Who said what at Sea Asia 2017

We take a look back at who said what on Seatrade Maritime News’ exclusive live coverage Sea Asia 2017 and the issues that got people talking.

Opening Sea Asia 2017 Khaw Boon Wan, Singapore’s Coordinating Minister for Infrastructure and Minister of Transport, sets the scene in terms of disruption: “The landscape is changing rapidly digitalization is disrupting and transforming the global transport supply chains.”

BW Group and Singapore Maritime Foundation chairman Andreas Sohmen-Pao sees signs of recovery for shipping: “And let us remember cyclical businesses usually go up after going down, already we have seen green shoots of recovery in the dry bulk and container sectors after a prolonged period of weakness.”

Flippos Lemos, president of NS Lemos & Co, on why the future is bright for the private independent shipowner: Shipping is quite simply not an ideal fit for the broader equity capital market. Other people’s money serves to exacerbate short term investment in the industry.”

Michael Parker, global head of shipping for Citigroup, presenting the other side of the argument: “The few have destroyed the many, and that’s why the private shipowner will struggle to survive.”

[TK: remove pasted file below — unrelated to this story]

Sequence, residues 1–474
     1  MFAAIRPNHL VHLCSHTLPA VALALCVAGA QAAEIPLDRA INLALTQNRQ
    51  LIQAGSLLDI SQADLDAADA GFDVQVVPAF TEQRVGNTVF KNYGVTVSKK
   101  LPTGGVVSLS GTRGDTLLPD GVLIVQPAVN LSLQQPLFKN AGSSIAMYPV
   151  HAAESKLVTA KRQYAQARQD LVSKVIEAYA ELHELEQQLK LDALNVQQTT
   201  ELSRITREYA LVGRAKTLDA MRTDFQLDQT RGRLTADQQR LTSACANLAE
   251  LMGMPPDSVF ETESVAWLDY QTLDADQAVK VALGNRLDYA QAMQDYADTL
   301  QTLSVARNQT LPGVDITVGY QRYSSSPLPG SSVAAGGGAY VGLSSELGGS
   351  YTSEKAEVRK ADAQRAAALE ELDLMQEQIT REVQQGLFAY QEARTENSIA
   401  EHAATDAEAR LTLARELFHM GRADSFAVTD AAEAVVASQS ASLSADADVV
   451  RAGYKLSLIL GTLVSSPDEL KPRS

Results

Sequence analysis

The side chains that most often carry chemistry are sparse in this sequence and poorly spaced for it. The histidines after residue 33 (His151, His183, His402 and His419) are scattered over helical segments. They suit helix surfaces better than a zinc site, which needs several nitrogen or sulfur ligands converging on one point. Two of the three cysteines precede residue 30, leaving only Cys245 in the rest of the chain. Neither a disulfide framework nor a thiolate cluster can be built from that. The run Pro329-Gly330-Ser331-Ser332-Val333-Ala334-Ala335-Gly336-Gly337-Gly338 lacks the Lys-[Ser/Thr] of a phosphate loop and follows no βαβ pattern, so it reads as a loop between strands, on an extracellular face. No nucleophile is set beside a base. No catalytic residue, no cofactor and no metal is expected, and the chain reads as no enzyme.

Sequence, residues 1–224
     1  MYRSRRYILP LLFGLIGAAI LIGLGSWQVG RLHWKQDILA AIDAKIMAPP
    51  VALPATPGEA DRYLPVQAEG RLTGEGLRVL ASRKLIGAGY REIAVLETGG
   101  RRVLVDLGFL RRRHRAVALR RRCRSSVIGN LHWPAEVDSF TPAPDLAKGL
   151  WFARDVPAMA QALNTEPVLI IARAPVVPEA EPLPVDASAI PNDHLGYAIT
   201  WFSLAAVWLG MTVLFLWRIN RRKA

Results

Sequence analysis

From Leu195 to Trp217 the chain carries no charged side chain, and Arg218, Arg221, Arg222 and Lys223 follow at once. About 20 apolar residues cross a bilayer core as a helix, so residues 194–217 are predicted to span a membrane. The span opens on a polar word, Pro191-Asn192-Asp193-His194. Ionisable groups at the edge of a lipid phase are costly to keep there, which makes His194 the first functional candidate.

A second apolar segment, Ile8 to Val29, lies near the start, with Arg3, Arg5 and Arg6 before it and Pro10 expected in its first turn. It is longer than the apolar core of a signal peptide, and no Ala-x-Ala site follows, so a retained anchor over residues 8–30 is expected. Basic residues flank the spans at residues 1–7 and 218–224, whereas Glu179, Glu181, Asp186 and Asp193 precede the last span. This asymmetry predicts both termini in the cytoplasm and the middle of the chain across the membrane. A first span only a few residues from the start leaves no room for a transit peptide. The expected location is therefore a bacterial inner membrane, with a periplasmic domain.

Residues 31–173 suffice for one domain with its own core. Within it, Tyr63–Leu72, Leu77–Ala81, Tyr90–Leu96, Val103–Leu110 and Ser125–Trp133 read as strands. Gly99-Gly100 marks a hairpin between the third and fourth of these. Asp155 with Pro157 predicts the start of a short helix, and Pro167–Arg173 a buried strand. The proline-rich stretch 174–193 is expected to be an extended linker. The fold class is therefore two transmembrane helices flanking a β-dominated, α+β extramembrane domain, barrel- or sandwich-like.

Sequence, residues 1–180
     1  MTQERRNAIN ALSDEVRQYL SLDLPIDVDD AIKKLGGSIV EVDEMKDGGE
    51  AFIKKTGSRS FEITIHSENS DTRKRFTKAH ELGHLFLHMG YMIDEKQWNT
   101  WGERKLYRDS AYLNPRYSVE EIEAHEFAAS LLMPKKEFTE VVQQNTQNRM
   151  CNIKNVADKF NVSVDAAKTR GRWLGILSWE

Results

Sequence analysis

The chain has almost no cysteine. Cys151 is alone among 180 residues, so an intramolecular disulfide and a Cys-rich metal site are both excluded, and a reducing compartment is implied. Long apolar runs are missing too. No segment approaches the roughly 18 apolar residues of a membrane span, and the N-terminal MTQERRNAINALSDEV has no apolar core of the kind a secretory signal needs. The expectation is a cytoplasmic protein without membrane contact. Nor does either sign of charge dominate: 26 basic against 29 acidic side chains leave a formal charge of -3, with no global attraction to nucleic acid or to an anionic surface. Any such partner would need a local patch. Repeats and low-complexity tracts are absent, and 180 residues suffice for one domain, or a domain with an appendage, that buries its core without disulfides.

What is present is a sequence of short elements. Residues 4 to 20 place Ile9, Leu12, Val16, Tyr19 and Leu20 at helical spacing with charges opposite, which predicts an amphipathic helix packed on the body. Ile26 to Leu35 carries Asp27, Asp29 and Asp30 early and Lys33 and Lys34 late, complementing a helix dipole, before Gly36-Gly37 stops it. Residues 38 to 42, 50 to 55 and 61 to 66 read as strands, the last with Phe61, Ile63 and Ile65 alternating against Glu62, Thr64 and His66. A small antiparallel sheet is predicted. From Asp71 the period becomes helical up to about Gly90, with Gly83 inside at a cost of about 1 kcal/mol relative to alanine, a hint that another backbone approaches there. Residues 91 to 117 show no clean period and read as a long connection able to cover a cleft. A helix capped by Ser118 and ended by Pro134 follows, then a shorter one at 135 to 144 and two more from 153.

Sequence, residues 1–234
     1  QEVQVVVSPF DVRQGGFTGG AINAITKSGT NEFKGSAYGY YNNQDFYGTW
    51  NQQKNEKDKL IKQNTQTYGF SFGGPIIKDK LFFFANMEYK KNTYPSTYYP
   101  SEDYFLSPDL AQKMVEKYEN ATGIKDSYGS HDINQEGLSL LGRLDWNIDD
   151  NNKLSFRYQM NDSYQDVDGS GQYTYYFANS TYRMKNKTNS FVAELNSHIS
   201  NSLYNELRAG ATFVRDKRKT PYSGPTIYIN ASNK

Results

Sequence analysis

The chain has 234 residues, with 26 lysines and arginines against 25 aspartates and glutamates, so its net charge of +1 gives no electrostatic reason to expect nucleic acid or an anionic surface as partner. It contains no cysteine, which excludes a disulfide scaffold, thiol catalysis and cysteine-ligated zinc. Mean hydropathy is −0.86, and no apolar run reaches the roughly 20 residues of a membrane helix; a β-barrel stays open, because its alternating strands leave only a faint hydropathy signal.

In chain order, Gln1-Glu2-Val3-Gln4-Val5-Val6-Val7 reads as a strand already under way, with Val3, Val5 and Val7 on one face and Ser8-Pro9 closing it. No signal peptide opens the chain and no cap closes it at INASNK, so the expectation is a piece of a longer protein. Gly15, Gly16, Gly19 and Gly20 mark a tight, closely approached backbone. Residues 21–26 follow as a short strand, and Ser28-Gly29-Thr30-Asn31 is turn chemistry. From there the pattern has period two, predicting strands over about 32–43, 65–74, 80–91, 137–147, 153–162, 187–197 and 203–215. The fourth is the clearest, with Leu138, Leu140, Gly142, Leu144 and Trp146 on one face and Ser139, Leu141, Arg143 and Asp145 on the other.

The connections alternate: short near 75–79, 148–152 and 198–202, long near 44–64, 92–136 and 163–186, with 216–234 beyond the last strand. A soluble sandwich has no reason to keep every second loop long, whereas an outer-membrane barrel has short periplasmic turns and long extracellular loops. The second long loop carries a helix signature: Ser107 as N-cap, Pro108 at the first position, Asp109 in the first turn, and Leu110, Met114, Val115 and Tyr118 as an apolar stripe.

DBS Bank ceo Piyush Gupta forecasts a lengthy period of oversupply in offshore marine. “In the next two to three years, the excess supply is not going to get drained out in a hurry.”

“Amazon and Alibaba seem to be taking over the customer relationship aspect from shippers and on our end we need to think about how such changes will impact upon us.” Orient Overseas Container Line ceo Andy Tung mulls partnerships with online retailers.

Rolls-Royce Marine vp for innovation, engineering and technology Oskar Levander predicts a disrupted future for the industry: “Shipping is going to face a big change and it will be disruptive.”

Jarand Rystad, managing partner of Rystad Energy, sees some glimmer of hope for the offshore sector: “We expect offshore projects to see increasing sanctioning going forward in 2017 and furthermore into 2018.”

“Centrally on a ship there is not a lot of that is of true value but if somebody can use that ship as a backdoor into a corporate environment,” Peter Broadhurst, senior vice president safety and security for Inmarsat, on how poor cyber security on vessels can be used to hack corporate networks.

Posted 28 April 2017

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Marcus Hand

Editor, Seatrade Maritime News

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